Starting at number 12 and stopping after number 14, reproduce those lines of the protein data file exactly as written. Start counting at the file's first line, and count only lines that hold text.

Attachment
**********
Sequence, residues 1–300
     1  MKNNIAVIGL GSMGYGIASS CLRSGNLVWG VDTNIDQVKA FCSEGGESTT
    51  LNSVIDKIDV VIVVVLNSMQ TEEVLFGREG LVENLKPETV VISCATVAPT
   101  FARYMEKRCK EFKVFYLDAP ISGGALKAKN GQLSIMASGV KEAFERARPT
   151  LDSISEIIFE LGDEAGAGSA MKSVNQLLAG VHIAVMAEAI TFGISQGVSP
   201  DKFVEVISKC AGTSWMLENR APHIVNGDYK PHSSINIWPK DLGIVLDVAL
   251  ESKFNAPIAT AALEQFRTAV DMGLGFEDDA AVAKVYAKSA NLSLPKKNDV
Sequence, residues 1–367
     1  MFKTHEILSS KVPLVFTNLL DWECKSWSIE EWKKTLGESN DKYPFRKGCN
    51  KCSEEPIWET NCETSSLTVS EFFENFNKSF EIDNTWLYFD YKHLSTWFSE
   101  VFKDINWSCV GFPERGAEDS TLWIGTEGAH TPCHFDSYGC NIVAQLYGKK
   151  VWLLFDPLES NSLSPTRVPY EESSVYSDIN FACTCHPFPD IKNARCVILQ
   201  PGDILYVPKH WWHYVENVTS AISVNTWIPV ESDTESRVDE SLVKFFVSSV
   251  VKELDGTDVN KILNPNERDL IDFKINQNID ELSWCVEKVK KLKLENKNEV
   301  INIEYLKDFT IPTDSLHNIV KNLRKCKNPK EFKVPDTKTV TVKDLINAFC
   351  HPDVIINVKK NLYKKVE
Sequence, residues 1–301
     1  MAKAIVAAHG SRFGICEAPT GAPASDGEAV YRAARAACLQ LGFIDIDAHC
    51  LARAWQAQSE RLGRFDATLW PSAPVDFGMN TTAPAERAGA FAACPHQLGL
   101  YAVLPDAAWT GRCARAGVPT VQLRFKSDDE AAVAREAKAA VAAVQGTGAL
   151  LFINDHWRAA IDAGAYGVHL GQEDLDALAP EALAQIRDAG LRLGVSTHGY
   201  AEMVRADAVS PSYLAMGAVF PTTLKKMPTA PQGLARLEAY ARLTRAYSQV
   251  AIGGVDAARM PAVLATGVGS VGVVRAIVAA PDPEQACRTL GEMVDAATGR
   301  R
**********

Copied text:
   151  VWLLFDPLES NSLSPTRVPY EESSVYSDIN FACTCHPFPD IKNARCVILQ
   201  PGDILYVPKH WWHYVENVTS AISVNTWIPV ESDTESRVDE SLVKFFVSSV
   251  VKELDGTDVN KILNPNERDL IDFKINQNID ELSWCVEKVK KLKLENKNEV